Jeremy Briggs

Winter Research scholar
School of Biomedical Science

University goes very quickly and it is very easy to coast through whilst being oblivious to the many opportunities that are available to you. Winter and summer research projects are prime examples of opportunities that are not available outside of UQ. I did my winter project with Dr. Bradley Launikonis and can honestly say that it was one of the most enjoyable experiences of my undergraduate science degree.

Dr. Launikonis’s research looks at the muscle response to malignant hyperthermia and it involved an incredibly interesting mix of wet lab work as well as muscle biopsy work. As a distance runner, I was interested in a project surrounding muscle, and having had Dr. Launikonis as a lecturer during my undergraduate degree, I knew that he was a leader in the field. Perhaps the most daunting part of applying for a project is emailing a researcher. However as I found, researchers often welcome the chance to involve students in their research.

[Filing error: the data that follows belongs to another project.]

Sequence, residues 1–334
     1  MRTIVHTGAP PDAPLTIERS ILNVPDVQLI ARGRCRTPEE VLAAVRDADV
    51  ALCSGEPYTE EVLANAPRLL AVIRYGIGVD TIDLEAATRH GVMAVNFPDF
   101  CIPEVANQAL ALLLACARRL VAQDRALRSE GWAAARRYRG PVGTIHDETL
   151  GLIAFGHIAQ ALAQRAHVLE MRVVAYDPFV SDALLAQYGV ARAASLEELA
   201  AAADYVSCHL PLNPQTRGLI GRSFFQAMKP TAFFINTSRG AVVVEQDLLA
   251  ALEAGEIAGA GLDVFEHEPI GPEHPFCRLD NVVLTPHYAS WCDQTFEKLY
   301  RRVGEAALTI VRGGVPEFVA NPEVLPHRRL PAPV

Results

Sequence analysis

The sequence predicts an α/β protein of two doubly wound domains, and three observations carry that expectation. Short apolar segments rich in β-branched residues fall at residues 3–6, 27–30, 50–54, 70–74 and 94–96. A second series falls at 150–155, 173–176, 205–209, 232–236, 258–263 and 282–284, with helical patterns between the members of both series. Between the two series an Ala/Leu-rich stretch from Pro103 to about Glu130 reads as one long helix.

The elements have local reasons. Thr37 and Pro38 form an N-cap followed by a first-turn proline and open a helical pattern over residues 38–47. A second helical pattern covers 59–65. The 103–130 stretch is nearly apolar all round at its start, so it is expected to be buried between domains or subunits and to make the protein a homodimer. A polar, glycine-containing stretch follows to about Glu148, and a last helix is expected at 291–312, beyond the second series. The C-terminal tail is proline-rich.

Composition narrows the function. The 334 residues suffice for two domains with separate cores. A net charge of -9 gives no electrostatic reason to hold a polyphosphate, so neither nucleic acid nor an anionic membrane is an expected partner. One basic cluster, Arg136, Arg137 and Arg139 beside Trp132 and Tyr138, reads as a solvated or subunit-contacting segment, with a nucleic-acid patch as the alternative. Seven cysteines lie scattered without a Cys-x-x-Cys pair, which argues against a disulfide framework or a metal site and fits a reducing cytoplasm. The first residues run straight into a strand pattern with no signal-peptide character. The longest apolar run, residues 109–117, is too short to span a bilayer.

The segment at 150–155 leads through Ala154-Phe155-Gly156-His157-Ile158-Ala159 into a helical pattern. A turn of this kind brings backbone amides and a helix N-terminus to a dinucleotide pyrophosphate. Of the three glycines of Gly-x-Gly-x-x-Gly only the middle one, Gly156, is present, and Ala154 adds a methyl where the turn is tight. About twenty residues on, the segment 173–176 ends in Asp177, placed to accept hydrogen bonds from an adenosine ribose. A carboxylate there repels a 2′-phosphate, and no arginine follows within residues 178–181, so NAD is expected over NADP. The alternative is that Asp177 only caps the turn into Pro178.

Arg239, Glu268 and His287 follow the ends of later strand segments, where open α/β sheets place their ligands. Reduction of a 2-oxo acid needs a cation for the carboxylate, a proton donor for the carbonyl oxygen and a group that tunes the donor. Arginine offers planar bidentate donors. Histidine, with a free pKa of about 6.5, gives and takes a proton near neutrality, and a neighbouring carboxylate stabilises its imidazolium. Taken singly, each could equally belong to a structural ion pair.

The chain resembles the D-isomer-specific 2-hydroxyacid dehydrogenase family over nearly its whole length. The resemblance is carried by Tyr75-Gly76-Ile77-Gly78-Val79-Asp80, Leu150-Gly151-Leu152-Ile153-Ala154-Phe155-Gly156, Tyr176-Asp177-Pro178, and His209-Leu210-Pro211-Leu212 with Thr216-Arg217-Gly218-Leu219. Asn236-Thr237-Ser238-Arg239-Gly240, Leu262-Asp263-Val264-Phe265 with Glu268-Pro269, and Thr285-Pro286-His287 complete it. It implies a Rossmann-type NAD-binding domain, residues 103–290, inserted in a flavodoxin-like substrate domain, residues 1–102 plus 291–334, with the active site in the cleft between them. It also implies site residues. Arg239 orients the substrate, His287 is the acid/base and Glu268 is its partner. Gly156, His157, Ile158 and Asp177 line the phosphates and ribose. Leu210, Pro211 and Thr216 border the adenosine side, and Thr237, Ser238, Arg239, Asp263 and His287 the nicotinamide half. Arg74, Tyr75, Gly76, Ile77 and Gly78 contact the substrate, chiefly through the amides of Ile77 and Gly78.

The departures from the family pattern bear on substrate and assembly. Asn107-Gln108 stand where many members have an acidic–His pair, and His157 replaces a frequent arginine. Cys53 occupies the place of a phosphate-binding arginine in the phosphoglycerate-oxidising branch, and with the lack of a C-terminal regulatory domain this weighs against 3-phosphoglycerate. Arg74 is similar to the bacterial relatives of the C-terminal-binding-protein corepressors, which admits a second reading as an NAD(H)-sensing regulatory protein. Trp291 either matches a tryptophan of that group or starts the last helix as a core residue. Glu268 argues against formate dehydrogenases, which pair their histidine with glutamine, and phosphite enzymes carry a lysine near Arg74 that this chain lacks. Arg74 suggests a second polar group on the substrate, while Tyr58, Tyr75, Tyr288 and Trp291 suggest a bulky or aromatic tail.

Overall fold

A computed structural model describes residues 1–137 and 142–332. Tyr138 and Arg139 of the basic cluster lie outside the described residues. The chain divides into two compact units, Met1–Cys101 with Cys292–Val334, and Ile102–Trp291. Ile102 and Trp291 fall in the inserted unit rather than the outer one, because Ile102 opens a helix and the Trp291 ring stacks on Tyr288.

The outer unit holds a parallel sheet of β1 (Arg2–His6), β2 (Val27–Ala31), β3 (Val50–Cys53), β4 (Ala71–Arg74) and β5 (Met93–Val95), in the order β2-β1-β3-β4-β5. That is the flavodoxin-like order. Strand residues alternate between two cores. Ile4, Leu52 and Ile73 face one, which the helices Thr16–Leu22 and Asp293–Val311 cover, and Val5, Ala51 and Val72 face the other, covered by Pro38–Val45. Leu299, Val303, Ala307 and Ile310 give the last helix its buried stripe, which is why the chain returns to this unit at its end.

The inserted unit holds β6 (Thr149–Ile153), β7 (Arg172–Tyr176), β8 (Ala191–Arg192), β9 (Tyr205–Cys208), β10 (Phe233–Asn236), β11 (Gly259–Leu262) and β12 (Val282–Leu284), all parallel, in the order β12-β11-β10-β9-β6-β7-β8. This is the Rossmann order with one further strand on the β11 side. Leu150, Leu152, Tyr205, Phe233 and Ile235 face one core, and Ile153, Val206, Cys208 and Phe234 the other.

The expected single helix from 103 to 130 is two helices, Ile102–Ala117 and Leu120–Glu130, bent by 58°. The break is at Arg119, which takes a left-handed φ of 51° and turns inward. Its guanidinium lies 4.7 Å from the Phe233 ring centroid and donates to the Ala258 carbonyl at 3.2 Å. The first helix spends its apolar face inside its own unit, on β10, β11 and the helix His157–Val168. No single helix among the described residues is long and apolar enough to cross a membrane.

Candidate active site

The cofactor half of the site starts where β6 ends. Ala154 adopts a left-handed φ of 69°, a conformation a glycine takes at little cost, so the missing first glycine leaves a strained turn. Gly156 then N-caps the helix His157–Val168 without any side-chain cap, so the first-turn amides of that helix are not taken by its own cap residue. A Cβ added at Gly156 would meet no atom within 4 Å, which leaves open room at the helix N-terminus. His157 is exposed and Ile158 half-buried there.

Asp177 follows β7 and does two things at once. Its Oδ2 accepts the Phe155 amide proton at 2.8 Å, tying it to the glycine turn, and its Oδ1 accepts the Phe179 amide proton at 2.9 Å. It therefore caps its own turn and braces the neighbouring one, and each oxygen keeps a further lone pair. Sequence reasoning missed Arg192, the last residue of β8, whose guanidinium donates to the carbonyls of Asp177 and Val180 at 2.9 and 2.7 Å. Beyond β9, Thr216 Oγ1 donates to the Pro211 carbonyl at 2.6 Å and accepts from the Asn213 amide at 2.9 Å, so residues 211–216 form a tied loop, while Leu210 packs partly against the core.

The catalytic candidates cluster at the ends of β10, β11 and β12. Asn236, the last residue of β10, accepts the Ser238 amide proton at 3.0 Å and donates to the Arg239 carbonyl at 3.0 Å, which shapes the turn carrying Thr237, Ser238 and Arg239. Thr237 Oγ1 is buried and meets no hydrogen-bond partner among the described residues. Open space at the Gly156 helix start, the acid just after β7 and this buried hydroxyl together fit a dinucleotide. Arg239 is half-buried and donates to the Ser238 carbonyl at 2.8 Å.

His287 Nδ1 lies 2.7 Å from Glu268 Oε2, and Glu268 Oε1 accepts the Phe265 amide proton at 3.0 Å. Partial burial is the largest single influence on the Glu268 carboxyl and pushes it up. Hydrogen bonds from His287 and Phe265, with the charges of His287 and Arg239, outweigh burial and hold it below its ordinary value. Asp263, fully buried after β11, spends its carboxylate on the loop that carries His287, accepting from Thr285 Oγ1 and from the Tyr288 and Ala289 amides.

One aspect of my project that I particularly enjoyed was learning how to manipulate individual muscle fibres – something that really helped to develop fine motor skills. What I enjoyed most about the experience was the welcoming environment in the lab. Both Dr. Launikonis and his PhD student Daniel Singh welcomed me from day 1 and I never felt out of place in the lab. As someone who had never done research before, having such a friendly lab environment was a huge part of why I enjoyed the experience so much. Ultimately, I think that this is indicative of research in general – if someone has a positive attitude and is willing to put in the work, then they will be welcomed with open arms, no matter their level of experience.

Although I finished my Bachelor of Science last year, Dr. Launikonis made it clear that I was always welcome in his lab and indeed, having started my MD this year, I continue to pop in from time to time to see how the research is going. The skills and experience I gained from my experience are invaluable and I’d strongly encourage anyone to apply for a project, even if they are not interested in pursuing research long term.

Jeremy Briggs